Going to the movies is one of Matthew Shifrin’s favorite things to do. And on a recent episode of his Blind Guy Travels podcast, he takes us with him.

At a recent screening of the Marx Brothers’ slapstick comedy Duck Soup, Shifrin and his close friend Ben Thompson pick a seat in the theater and quickly introduce themselves to the people seated around them. They’ll be talking softly during the movie, so they like to explain to their neighbors why.

Exceptionally observant and fast-talking, Ben is Matthew’s go-to movie buddy. Although Matthew can’t see the screen, Ben’s live and nuanced (and whispered) descriptions paint a full picture of everything happening in the movie. The two are miked up during the screening, so we get to hear first-hand in the episode what it’s like to experience a movie the way Matthew does.

When Ben can’t tag along, Matthew can still experience movies at theaters that offer descriptive video service headsets. That accessible technology wouldn’t exist, however, without the efforts of people like Bryan Gould, who faced a lot of hurdles getting the service funded, adopted and widely distributed in the 1990s.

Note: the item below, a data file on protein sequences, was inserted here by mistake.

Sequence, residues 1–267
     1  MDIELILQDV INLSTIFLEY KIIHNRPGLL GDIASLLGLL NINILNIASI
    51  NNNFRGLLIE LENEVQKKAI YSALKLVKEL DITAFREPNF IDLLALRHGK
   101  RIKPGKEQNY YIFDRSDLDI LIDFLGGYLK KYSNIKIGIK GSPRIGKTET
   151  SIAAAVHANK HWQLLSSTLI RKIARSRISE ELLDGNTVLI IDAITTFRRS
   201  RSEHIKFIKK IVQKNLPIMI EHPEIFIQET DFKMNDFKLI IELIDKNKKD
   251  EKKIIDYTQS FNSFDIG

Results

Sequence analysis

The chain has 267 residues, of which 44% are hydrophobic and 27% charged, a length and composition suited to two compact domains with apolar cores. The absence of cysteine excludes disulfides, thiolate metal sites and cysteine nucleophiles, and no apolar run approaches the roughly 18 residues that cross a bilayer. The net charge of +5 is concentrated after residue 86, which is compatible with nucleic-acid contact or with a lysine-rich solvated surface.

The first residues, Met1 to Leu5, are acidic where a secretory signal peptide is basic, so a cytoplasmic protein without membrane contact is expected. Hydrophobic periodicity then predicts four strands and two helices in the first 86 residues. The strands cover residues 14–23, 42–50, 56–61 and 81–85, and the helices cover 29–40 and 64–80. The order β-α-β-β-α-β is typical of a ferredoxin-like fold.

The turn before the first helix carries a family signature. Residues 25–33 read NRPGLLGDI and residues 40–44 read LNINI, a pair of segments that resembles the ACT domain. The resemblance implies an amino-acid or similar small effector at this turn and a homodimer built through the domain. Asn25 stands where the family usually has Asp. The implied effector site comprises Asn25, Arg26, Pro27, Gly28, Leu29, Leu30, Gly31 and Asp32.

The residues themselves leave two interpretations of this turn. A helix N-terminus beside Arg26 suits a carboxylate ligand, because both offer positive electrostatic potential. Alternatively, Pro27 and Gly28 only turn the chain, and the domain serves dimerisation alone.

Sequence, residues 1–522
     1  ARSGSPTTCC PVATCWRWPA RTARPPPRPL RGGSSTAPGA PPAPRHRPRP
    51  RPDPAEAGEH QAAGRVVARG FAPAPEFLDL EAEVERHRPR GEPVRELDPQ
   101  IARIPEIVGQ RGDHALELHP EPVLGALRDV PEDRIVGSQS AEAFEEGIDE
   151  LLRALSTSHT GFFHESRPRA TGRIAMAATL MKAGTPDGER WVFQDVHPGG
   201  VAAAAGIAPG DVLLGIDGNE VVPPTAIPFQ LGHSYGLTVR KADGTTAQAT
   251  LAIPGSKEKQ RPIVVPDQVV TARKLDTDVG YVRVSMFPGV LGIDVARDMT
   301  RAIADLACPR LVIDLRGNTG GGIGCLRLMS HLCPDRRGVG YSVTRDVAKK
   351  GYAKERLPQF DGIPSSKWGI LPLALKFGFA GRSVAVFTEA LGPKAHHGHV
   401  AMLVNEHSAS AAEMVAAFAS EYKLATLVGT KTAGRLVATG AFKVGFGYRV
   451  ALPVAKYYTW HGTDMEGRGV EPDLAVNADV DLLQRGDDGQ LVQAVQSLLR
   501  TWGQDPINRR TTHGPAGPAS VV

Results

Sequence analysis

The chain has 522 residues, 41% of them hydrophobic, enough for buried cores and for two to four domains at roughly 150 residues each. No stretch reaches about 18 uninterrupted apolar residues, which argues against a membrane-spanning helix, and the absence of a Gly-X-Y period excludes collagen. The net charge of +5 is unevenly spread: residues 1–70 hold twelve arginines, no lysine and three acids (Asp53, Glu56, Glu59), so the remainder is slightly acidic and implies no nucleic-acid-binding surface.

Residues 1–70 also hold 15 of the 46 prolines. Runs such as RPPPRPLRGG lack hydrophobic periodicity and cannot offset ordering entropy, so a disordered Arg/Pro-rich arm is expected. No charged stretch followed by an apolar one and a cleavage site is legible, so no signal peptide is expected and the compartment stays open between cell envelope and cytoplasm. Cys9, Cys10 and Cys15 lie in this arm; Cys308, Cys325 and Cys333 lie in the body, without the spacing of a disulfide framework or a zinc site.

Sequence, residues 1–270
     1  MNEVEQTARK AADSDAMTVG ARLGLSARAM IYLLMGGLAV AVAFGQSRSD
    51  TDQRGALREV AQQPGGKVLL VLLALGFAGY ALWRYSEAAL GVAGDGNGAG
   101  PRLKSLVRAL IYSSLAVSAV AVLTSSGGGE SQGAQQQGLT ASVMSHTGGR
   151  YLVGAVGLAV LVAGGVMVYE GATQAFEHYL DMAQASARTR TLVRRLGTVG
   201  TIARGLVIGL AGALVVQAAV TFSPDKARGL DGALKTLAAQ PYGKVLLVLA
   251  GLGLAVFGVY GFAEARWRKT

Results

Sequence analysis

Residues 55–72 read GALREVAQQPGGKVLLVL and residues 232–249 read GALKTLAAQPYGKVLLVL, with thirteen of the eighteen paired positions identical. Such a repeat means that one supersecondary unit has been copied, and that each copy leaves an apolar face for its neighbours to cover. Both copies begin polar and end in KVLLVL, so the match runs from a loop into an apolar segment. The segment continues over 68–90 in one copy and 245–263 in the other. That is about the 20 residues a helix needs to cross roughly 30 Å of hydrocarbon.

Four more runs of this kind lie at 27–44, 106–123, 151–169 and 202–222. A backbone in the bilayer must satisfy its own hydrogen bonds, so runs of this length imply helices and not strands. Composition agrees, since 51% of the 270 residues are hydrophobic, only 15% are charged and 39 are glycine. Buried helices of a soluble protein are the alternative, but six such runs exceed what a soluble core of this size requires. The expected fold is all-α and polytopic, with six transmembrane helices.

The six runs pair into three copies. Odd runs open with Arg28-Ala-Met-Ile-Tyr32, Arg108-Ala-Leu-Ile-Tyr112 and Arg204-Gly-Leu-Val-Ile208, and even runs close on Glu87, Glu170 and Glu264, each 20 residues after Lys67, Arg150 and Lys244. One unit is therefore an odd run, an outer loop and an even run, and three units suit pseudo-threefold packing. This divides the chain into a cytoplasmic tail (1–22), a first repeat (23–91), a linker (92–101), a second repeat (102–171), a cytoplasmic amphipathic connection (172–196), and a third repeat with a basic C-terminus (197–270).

Matthew Shifrin, host of the 'Blind Guy Travels' pod (photo credit: New England Conservatory).

During an interview with Matthew, Bryan shares how it took “a lot of letter-writing” and the aid of blindness advocacy organizations before they finally found the right person at the right studio to greenlight a descriptive video project. One of the biggest blockbusters of the decade—and of all time—was among the first to jump onboard. Can you guess the movie from the descriptive audio excerpt? 

“Murdoch stares with sweat glistening on his temples. The ship hits the ’berg on its starboard bow.”

Between Bryan’s crash course on the history of descriptive audio (and the role of, you guessed it, Titanic), Ben’s mind-blowing ability to describe a plot as it unfolds, and Matthew’s unabated love for movies, the episode is one you can’t miss.

Listen to the full, illuminating podcast on Blind Guy Travels or the sound-centric Twenty Thousand Hertz.